ROCHA, C.F.D. 1996. Seasonal shift in lizard diet: the seasonality in food resources affecting the diet of Liolaemus lutzae (Tropiduridae). Ciência e Cultura 48 (4): 264-270.         [ Links ]

ROCHA, C.F.D. 1998. Population dynamics of the endemic tropidurid lizard Liolaemus lutzae in a tropical seasonal restinga habitat. Ciência e Cultura 50 (6): 446-451.         [ Links ]

ROCHA, C.F.D. 1999. Home range of the tropidurid lizard Liolaemus lutzae: sexual and body size differences. Revista Brasileira de Biologia 59 (1): 125-130.         [ Links ]

ROCHA, C.F.D. 2000a. Liolaemus lutzae. In: IUCN 2007. IUCN Red List of Threatened Species. Available online at: [Accessed: 18/IX/2008]         [ Links ]

ROCHA, C.F.D. 2000b. Selectivity in plant food consumption in the lizard Liolaemus lutzae from Southeastern Brazil. Studies on Neotropical Fauna Environment 35: 14-18.         [ Links ]

ROCHA, C.F.D. & H.G. BERGALLO. 1992. Population Decrease: the case of Liolaemus lutzae, an endemic lizard of Southeastern Brazil. Ciência e Cultura 44 (1): 52-54.         [ Links ]

ROCHA, C.F.D.; M. VAN SLUYS; G. PUORTO; R. FERNANDES; J.D. BARROS-FILHO; R. ROCHA E SILVA; F.A. NÉO & A. MELGAREJO. 2000. Répteis, p. 79-166. In: H.G. BERGALLO; C.F.D. ROCHA; M.A.S. ALVES & M. VAN SLUYS (Eds). A fauna ameaçada de extinção do Estado do Rio de Janeiro. Rio de Janeiro, Universidade do Estado do Rio de Janeiro, 166p.         [ Links ]

ROCHA, C.F.D.; M.A.S. ALVES & M. VAN SLUYS. 2003. A biodiversidade nos grandes remanescentes florestais do Rio de Janeiro e nas restingas da Mata Atlântica. São Carlos, Rima Editora, 160p.         [ Links ]

ROCHA, C.F.D; H.G. BERGALLO; J.P. POMBAL JR; L. GEISE; M. VAN SLUYS; R. FERNANDES & U. CARAMASCHI. 2004. Fauna de anfíbios, répteis e mamíferos do estado do Rio de Janeiro, sudeste do Brasil. Publicações Avulsas do Museu Nacional 104: 3-23.         [ Links ]

ROCHA, C.F.D.; M. VAN SLUYS; H.G. BERGALLO & M.A.S. ALVES. 2005. Endemic and threatened tetrapods in the Restingas of the biodiversity corridors of Serra do Mar and of the Central da Mata Atlântica in eastern Brazil. Brazilian Journal of Biology 65 (1): 159-168.         [ Links ]

ROCHA, C.F.D.; H.G. BERGALLO; M. VAN SLUYS; M.A.S. ALVES & C. JAMEL. 2007. The remnants of restinga habitats in the Brazilian Atlantic Forest of Rio de Janeiro State, Brazil: habitat loss and risk of disappearance. Brazilian Journal of Biology 67 (2): 263-273.         [ Links ]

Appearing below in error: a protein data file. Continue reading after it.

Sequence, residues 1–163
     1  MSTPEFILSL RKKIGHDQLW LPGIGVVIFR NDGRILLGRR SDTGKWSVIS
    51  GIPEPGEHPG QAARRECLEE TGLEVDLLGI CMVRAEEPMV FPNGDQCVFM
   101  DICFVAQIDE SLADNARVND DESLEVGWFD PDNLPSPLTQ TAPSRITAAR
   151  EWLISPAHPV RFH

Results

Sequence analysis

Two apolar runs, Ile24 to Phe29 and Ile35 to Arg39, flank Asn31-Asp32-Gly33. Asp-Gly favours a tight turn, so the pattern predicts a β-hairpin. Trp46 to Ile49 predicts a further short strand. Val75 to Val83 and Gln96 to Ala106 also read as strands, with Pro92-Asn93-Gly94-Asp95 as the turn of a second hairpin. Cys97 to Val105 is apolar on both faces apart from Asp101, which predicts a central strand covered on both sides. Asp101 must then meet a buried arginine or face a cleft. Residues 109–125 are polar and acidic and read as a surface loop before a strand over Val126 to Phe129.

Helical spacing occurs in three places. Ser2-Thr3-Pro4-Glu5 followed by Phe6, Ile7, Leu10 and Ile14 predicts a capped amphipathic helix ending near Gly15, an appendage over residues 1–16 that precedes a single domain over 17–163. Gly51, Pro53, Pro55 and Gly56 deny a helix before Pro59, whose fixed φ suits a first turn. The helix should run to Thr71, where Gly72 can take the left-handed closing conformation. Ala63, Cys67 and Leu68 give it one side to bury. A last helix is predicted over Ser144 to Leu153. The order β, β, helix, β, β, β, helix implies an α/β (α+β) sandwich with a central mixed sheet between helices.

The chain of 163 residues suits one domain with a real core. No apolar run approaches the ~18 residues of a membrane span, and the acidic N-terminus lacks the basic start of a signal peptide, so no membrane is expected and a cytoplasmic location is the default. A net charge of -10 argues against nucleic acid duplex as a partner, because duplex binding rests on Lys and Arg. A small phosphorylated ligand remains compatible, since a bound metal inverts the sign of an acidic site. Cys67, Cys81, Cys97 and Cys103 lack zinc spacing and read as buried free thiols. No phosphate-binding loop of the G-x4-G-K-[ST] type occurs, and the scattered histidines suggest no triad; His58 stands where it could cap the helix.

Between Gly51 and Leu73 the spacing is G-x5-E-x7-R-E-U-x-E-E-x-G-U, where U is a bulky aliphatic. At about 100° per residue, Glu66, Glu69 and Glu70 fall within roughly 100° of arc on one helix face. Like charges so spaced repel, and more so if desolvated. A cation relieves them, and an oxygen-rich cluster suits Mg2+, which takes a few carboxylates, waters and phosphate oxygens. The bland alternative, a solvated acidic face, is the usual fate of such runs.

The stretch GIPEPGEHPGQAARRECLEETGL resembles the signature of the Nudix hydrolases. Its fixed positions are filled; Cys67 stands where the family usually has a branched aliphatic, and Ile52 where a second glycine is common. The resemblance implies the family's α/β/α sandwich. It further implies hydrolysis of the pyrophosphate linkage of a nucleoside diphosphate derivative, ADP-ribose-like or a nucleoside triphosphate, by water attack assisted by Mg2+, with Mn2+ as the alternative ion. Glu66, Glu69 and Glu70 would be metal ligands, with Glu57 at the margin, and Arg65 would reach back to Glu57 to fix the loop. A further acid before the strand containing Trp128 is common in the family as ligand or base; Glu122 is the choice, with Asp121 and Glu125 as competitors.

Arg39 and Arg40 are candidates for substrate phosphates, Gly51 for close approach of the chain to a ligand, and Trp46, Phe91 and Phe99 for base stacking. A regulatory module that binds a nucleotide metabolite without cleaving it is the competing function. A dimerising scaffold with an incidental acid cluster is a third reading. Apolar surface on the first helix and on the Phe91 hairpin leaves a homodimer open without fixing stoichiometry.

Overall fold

ROCHA, C.F.D.; C.V. ARIANI & C.C. SIQUEIRA. 2008. Liolaemus lutzae Mertens, 1938, p. 345-347. In: A.B. M. MACHADO; G.M. DRUMMONT & A.P. PAGLIA (Eds). Livro Vermelho da Fauna Brasileira Ameaçada de Extinção. Belo Horizonte, Fundação Biodiversitas, 906p.         [ Links ]

ROCHA, C.F.D.; C.C. SIQUEIRA & C.V. ARIANI. 2009. The recovery of a population of the sand lizard Liolaemus lutzae in an area within its range: a lizard endemic and threatened with extinction. Brazilian Journal of Biology 69 (1): 185-187.         [ Links ]

SOARES, A.H.B. & A.F.B. ARAÚJO. 2008. Experimental introduction of Liolaemus lutzae (Squamata, Iguanidae) in Praia das Neves, State of Espírito Santo, Brazil: a descriptive study 18 years later. Revista Brazileira de Zoologia 25 (4): 640-646.         [ Links ]

SUGUIO, K. & M.G. TESSLER. 1984. Planícies de cordões litorâneos quaternários do Brasil: origem e nomenclatura, p. 15-25. In: L.D. LACERDA; D.S.D. ARAÚJO; R. CERQUEIRA & B. TURCQ (Eds). Restingas, Origem, Estrutura e Processos. Niterói, Anais do Simpósio sobre Restingas Brasileiras, Centro Editorial da Universidade Federal Fluminense, 477p.         [ Links ]

VANZOLINI, P.E. & A.N. AB'SABER. 1968. Divergence rate in South American lizards of the genus Liolaemus (Sauria, iguanidae). Papéis Avulsos de Zoologia 21: 205-208.         [ Links ]

WILCOVE, D.S. & L.Y. CHEN. 1998. Management costs for endangered species. Conservation Biology 12 (6): 1405-1407.         [ Links ]

ZAR, J. 1999. Biostatistical analysis. New Jersey, Prentice Hall, 929.         [ Links ]



Submitted: 20.XI.2008; Accepted: 13.IX.2009.



Editorial responsibility: Fernando de Camargo Passos

Creative Commons License All the contents of this journal, except where otherwise noted, is licensed under a Creative Commons Attribution License